Vernon gains additional vote at RDNO

City of Vernon to obtain fourth seat at Regional District of North Okanagan based on 2011 census figures...

A potential source of conflict in Greater Vernon is now reality.

The City of Vernon will acquire a fourth seat at the Regional District of North Okanagan based on 2011 census figures.

“I’m hoping with new people at the table, there won’t be a problem but time will tell,” said Gyula Kiss, a Coldstream director, referring to new city politicians elected in November.

Part of the conflict over the parks and recreation function has been linked to Vernon possibly acquiring another vote because of increased population.

On Tuesday, Statistics Canada released 2001 census results and Vernon’s population is 38,150, a six per cent increase from 35,979 in 2006.

“Based upon the census data, Vernon would be eligible for another director at the regional district board,” said David Sewell, RDNO’s finance general manager.

“An additional director for Vernon would occur at any population figure above 37,500.”

Kiss has previously expressed concern that with four votes, Vernon could dominate discussions with its partners.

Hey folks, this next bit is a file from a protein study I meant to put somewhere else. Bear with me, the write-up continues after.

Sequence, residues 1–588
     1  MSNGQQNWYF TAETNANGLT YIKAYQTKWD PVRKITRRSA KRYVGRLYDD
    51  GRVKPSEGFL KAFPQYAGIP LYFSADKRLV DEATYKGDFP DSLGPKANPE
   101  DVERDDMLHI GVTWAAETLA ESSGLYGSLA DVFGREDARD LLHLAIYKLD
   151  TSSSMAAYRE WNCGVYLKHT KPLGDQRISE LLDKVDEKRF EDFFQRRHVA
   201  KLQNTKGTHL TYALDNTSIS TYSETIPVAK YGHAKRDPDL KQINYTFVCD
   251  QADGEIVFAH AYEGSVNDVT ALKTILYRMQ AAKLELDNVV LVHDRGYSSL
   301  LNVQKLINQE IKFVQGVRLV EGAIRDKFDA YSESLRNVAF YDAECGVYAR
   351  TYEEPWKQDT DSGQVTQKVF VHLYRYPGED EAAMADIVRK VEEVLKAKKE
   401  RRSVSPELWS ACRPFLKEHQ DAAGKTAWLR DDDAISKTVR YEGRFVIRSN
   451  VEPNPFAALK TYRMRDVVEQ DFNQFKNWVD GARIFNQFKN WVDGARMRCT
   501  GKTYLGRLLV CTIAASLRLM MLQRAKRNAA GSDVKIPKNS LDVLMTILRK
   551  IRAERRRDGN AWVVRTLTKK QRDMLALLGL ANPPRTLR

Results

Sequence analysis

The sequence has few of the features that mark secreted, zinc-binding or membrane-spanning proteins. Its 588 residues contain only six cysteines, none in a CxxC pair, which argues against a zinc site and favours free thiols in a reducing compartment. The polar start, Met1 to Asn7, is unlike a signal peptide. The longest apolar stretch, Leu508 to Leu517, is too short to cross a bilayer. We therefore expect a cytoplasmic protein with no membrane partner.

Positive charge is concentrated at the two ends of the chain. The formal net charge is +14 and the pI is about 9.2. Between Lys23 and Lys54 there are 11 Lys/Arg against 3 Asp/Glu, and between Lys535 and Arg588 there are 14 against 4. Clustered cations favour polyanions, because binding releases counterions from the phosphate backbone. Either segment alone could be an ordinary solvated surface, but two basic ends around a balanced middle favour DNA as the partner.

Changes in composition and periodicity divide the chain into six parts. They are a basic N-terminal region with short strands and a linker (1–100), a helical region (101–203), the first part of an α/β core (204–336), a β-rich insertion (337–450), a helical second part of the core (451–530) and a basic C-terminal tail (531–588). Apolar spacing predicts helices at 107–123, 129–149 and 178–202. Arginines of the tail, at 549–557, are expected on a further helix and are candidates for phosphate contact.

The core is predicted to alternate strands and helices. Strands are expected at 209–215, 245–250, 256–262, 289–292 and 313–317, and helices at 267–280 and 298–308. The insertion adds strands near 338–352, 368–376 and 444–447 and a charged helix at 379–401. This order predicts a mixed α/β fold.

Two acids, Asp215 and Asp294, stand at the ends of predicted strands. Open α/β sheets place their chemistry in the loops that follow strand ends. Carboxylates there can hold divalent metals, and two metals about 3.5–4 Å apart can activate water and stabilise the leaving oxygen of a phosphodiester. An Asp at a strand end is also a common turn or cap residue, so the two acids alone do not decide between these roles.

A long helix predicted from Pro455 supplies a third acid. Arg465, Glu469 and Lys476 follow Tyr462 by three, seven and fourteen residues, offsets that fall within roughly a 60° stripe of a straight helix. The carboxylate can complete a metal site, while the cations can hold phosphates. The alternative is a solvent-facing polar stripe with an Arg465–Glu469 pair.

A similar view has also come from director Mike Macnabb, who wants a balance of power at the table.

“If we (Coldstream and the electoral areas) are going to pay 35 per cent of the total budget, we want some meaningful say,” he said in an August interview.

Jim Garlick, Coldstream’s mayor, says an unequal situation could occur if Vernon gets an extra vote.

“They will not only be the contract provider but they will have the majority vote,” he said.

“It’s a very large budget for the service and it involves land outside of Vernon. There needs to be awareness of the impact outside of Vernon.”

However, director Rob Sawatzky, who was elected Vernon’s mayor in November, doesn’t believe an additional seat will be a problem.

“I don’t see this changing much of anything,” he said, adding that city directors don’t always vote together. “You represent the city but there are divergent opinions and we have to work with our neighbours.”

Sawatzky points out that the parks and recreation function is there to serve all jurisdictions.

“Our intent is to work co-operatively for the benefit of everyone,” he said.

“We’ve seen what happens on the other side (conflict).”